So we went to the farmer’s market today to pick up up our CSA share, and the farmer fixed us with a worried eye and said “Have you folks bought a turkey?”
“We’ve reserved one of yours, yeah.”
He nodded slowly. “And, um…how many people do you have coming to Thanksgiving dinner?”
Kevin and I did some math. “Uh…nine? I think?”
The farmer sighed. “I was sort of hoping you’d say thirty-five…”
He went into the cooler and pulled out a turkey drumstick the size of my forearm, only a lot bigger around. Kevin and I stared at it. It made the ones you get at the Ren Faire look like hot wings.
“We prepped five of them, since people wanted turkey, and…well…they’re huge,” said the farmer sadly. “They wouldn’t fit in the pot to scald them.* I had to get a 55 gallon drum and slice the top off. It took two men to lower one in.”
“What are you feeding them?”
“Nothing unusual! They’re free-range!” (They are, too. I’ve seen them, they just wander around the farmyard climbing on things and picking stuff up the ground. These are very active turkeys.) “The breed is just…heirloom….we didn’t expect…” He made vague gestures, not unlike those most of us make when trying to describe my friend Carlota. (The “vast tracts of land” gesture. You know the one.) “The live weight on the things is forty-nine pounds.”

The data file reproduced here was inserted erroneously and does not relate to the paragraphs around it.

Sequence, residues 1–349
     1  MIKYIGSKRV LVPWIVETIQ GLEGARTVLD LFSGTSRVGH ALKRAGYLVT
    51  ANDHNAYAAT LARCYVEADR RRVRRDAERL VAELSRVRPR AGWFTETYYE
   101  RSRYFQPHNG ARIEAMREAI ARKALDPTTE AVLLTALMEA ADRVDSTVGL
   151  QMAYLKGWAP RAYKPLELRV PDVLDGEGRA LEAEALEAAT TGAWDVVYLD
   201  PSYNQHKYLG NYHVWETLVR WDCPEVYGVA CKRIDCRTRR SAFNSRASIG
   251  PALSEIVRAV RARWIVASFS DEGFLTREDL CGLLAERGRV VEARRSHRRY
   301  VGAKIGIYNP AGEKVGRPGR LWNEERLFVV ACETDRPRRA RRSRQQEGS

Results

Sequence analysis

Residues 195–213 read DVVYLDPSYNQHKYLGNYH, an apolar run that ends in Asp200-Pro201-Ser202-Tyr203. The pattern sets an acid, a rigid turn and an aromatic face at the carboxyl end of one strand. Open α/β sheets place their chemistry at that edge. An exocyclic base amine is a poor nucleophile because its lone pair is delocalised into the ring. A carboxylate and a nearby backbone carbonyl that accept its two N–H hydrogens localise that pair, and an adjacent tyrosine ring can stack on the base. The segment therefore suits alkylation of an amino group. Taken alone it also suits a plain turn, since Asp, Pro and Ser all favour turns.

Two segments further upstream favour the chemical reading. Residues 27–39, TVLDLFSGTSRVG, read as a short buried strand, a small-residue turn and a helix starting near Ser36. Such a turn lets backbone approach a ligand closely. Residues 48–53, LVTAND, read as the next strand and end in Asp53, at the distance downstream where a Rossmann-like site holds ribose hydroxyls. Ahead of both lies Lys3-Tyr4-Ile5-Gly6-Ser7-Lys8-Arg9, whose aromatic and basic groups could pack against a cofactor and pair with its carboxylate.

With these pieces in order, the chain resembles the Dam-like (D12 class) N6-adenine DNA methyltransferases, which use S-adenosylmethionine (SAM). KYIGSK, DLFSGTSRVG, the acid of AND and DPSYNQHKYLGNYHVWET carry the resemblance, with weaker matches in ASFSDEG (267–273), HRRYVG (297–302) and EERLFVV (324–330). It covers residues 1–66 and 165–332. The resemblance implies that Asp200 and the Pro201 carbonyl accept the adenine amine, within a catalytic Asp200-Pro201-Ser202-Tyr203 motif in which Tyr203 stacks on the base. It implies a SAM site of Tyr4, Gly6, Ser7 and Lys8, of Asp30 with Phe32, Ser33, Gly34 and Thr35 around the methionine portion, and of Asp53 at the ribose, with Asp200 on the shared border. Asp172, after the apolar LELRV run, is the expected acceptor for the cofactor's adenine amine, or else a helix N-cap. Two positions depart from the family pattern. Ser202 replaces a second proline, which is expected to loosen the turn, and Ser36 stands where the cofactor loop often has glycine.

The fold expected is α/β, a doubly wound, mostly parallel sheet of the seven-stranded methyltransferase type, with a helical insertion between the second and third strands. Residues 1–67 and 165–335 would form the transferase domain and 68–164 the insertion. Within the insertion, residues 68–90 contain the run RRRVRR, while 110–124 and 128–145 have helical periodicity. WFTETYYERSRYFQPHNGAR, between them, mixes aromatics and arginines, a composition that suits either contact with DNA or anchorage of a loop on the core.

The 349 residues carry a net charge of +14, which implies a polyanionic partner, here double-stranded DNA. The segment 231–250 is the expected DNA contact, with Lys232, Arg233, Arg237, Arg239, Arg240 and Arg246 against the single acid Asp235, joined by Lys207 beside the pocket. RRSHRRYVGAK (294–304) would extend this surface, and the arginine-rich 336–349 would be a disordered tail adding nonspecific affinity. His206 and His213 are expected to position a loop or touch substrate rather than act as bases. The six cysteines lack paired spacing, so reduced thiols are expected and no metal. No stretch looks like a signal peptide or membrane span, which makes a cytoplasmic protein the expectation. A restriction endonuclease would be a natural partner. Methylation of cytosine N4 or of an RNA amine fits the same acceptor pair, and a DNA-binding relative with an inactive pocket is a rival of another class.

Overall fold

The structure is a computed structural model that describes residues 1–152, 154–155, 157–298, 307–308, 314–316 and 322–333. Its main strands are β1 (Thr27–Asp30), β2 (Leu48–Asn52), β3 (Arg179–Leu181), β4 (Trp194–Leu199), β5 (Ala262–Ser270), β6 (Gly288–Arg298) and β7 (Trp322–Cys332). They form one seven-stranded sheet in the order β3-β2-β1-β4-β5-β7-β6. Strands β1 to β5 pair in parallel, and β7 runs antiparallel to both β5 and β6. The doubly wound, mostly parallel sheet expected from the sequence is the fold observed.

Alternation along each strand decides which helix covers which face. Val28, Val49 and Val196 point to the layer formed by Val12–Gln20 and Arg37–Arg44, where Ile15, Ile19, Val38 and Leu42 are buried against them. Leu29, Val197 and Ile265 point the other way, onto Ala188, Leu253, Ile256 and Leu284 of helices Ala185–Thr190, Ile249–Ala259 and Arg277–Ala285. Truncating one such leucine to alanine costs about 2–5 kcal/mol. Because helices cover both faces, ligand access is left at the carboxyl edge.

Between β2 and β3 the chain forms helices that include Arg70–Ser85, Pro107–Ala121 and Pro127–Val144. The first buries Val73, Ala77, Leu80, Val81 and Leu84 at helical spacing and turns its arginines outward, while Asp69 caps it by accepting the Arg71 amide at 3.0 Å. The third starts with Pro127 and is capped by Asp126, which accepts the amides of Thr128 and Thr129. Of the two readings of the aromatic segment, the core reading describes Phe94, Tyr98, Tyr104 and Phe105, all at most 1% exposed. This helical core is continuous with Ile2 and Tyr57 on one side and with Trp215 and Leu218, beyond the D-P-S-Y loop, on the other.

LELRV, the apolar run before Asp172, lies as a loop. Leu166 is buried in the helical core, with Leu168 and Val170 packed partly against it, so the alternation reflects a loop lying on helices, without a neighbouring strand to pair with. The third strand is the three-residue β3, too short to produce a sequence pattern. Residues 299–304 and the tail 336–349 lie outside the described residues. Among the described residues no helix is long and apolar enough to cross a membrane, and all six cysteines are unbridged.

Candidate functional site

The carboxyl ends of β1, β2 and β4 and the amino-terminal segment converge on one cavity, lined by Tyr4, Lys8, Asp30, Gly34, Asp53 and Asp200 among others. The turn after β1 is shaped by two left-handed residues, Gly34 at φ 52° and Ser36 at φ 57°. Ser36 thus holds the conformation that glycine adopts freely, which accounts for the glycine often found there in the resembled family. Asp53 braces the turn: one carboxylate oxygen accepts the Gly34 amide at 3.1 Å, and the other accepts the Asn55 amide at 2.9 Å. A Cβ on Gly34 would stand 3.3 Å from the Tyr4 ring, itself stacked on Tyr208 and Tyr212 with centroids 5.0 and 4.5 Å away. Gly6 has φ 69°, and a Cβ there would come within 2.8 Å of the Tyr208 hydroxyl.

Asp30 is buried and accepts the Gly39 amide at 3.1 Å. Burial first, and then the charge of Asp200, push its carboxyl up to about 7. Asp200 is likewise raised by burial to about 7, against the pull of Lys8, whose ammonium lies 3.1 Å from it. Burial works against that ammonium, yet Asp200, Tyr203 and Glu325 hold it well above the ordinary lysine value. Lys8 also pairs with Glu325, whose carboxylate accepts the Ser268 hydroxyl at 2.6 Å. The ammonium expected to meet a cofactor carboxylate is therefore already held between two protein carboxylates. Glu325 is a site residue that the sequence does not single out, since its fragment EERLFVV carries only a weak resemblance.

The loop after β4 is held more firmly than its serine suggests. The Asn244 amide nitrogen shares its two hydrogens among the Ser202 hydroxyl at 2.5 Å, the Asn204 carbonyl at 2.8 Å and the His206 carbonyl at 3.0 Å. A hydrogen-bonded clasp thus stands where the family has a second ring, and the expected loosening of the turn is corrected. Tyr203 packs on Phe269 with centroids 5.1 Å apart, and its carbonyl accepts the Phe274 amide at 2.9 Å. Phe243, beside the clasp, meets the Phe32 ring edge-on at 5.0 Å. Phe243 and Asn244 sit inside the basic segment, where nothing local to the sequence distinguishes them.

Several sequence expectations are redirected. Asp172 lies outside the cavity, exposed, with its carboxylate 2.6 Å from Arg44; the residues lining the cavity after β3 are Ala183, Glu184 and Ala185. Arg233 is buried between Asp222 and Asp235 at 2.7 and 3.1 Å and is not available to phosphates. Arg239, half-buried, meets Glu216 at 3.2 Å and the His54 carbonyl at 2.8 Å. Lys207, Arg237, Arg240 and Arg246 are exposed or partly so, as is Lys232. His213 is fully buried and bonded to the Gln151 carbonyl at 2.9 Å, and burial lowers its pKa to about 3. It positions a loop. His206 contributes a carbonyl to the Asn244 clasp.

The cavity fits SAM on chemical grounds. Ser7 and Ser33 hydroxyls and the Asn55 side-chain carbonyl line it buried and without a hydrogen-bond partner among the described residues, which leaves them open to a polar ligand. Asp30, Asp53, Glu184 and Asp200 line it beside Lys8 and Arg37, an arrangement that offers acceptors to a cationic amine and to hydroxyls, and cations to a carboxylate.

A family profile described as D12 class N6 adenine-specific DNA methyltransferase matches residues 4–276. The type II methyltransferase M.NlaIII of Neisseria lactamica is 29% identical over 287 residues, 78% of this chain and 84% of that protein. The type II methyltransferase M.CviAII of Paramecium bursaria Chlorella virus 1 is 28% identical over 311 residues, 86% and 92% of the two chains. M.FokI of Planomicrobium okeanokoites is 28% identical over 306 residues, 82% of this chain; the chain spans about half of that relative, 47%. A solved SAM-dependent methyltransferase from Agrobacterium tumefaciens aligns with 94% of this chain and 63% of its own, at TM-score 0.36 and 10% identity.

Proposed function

This is a large animal. This is a bird substantially larger than our beagle. Kevin, who had been thinking of deep-frying the turkey, realized that it wouldn’t actually fit in the pot. I vetoed any notion of getting a 55-gallon drum of our own.
Kevin said that we’d warn our family.
“Could you ask them invite a few strangers?” asked the farmer hopefully. “Maybe…twenty or so…?”
God help us all.
*You scald fowl in boiling water prior to plucking to loosen the feathers, as I understand it, although someone may correct me if I’ve got the wrong end of the bird there.